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WASHINGTON (Reuters) - The U.S. Environmental Protection Agency said on Tuesday it was extending the deadline by one year for states to declare which areas do not meet the federal standard for ground-level ozone, a pollutant linked to several serious health conditions.
Areas designated as not being meeting the 70 parts per billion National Ambient Air Quality Standard for ozone, which was set in 2015, face consequences that include increased regulatory burdens, restrictions on infrastructure investment, and increased costs to businesses, EPA said in a statement.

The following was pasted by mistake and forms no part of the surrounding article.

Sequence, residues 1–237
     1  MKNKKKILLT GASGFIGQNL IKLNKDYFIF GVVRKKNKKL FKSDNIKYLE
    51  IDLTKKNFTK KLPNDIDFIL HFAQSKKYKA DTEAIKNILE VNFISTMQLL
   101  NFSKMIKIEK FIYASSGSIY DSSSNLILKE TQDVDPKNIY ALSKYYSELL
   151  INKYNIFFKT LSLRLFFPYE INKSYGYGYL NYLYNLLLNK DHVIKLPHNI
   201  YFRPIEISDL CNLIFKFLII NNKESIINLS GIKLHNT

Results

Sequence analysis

"EPA is giving states more time to develop air quality plans and EPA is looking at providing greater flexibility to states as they develop their plans," the statement said.
Reporting by Eric Beech; Editing by Mohammad Zargham